Morocco re-joined the African Union earlier this year, and the festival reflected an eagerness to connect Morocco with other parts of the continent.
Morocco re-joined the African Union earlier this year, and the festival reflected an eagerness to connect Morocco with other parts of the continent. The Economic Community of Central African States (ECCAS) was the book fair’s official guest of honour, and the 11 member countries including Angola, Burundi, Cameroon, The Congo, Rwanda, and Chad, literally took centre-stage. Each country had a stand labelled with its flag and staffed by a representing publisher. The event was bilingual, with all signs and information in Arabic and in French.
While exploring the Stand Invité d’honneur, a poster in the Cameroonian booth caught my eye. The association Les Editions AfricAvenir had published a collection of studies around Timbuktu’s manuscripts earlier this year, and the editor Prince Kum’a Ndumbe III was signing copies and discussing his work with a few curious researchers. Another representative from Les Editions AfricAvenir showed me around and recommended different French and English poetry collections. I decided to buy a copy of Le Trésor Des Manuscrits De Timbuktu, and had the chance to talk to Ndumbe about the project while he signed my book. The subject fit perfectly with the theme of the book fair itself, as Timbuktu has been a site of literary exchange between Morocco and other parts of Africa for centuries.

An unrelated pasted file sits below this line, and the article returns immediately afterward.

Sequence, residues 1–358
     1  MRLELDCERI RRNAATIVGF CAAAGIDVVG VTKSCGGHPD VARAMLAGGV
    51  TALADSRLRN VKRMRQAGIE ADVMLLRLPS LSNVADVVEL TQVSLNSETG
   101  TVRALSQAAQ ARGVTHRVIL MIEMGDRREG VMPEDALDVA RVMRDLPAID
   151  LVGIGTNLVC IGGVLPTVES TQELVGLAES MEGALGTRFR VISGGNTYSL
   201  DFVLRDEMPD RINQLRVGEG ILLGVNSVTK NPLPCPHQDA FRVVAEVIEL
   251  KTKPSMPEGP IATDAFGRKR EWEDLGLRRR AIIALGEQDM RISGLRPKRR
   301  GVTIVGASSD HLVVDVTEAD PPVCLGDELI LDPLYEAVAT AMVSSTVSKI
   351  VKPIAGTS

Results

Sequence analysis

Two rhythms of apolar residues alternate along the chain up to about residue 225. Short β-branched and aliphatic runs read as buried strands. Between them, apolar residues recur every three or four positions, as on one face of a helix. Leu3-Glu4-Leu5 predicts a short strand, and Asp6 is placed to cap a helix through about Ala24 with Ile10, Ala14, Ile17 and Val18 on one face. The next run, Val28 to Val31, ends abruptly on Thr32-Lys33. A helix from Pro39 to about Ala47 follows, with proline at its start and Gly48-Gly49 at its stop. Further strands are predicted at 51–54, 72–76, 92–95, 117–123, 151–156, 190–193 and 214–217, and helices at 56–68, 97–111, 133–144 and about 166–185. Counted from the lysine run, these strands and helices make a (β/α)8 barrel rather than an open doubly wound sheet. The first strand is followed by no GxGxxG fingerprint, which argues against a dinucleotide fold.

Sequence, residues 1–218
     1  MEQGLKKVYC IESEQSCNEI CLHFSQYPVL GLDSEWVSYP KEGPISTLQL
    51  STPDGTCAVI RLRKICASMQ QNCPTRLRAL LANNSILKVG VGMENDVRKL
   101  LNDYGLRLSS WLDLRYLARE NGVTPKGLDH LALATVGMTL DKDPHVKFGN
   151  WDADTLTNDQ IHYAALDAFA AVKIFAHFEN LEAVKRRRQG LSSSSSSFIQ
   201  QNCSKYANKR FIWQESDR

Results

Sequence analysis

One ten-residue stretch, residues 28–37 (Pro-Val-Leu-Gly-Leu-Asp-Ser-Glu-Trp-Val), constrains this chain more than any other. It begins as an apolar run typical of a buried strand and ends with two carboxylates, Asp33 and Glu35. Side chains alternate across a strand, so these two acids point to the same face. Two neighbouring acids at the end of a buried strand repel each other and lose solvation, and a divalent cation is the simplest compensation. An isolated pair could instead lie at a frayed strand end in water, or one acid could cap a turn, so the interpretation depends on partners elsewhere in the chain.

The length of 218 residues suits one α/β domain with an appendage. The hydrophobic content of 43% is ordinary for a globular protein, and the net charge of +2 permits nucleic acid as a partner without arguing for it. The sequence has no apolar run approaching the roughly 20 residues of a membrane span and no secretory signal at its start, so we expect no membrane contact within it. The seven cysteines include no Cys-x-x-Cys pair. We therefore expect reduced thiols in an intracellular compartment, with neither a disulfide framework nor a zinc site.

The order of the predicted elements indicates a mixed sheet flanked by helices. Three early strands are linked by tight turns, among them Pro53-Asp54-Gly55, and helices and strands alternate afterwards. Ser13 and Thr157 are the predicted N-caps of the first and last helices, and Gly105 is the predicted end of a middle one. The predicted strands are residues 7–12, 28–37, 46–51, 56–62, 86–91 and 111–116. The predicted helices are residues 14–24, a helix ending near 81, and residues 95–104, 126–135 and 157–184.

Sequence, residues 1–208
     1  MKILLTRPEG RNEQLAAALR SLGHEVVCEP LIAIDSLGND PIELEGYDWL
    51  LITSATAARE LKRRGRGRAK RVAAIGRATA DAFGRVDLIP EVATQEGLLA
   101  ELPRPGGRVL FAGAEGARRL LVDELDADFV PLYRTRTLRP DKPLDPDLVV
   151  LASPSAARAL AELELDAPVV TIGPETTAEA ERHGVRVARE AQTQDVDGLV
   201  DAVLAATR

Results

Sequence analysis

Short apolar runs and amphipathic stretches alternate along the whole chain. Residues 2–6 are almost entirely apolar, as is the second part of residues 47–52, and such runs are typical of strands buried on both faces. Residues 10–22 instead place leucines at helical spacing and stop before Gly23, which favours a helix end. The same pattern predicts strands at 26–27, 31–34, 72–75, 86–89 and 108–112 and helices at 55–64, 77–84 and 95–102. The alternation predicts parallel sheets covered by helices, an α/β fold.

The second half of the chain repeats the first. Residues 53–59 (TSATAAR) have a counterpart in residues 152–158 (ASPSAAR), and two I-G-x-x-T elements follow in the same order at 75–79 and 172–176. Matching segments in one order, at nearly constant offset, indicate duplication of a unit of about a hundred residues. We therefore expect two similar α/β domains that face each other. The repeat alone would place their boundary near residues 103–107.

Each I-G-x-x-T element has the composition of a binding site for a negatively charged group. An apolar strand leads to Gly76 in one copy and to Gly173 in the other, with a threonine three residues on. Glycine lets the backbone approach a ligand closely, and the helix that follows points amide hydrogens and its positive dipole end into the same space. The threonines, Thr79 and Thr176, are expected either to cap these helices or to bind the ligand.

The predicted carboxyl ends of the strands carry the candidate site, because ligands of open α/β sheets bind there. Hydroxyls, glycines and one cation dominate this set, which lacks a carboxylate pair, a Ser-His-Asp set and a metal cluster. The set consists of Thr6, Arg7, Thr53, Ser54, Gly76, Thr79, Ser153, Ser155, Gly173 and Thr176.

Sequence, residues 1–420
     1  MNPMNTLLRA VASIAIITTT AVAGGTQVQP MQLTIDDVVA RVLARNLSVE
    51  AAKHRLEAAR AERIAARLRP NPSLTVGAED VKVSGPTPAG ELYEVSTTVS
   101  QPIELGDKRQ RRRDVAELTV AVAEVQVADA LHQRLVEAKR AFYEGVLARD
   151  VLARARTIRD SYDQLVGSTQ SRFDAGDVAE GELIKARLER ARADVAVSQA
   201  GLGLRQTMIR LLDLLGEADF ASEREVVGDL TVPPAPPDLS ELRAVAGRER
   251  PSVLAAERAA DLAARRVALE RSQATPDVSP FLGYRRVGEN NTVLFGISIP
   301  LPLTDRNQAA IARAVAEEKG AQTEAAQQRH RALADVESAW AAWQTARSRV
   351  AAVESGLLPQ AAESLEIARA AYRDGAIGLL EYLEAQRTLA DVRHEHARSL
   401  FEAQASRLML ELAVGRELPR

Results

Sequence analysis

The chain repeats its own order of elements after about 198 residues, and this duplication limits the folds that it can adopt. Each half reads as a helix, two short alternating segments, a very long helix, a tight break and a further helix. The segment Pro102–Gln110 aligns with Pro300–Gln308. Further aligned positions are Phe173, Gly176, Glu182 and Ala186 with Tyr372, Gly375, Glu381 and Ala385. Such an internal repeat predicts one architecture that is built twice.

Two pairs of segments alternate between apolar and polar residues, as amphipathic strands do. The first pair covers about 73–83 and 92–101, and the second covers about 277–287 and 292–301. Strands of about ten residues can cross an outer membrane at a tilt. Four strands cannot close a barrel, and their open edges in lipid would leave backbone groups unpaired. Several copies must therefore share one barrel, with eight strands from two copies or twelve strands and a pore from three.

The Casablanca Book Fair also featured a remarkable selection of contemporary Arabic literature from publishers such as al-Markaz al-Thaqafi al-ʻArabi and Dar al-Saqi, as well as classic Arabic and Islamic literature from various parts of the Arab World, including Cairo’s al-Maktabah al-Azhariyah lil-Turath. Local Casablanca booksellers were also represented, with standouts including Dar al-Thaqafah and LivreMoi.
The festival included a wide range of events, among them academic and literary discussions, book signings, poetry readings, award ceremonies, and even activities for children. To see photographs and videos from the event, or to browse the complete program, you can visit the official website in Arabic or in French.
- Le Trésor Des Manuscrits De Timbuktu, Kum’a Ndumbe III
- 23rd Annual Casablanca International Book Fair Kicks Off Morocco World News, 9 February 2017
- Morocco rejoins African Union after more than 30 years The Guardian, 31 January 2017
Cette conférence s’assigne comme but d’explorer selon une perspective comparée la manière dont l’activisme des écrivains négocie la poétique et la politique dans trois régions des Pays du Sud: le Maghreb, la Corne de l’Afrique et le nord de l’Inde.
In this conference, we argue that oral traditions are a vital component of world literature, and not only as an antecedent to written literatures, but in their own right. The conference seeks to move past the characterisation of oral literature as traditional, locally constrained, and less aesthetically complex than written literatures. We will show instead that oral traditions are a modern and dynamic form of literary expression everywhere around the world, sometimes able to circulate across long distances.
This reading list was contributed by Dr Anna Bernard and challenges the choice between nation and transnationalism that has often seemed central to theorizations of world literature, but which has tended to bypass internationalist networks of anti-colonial writers working within discrete national contexts.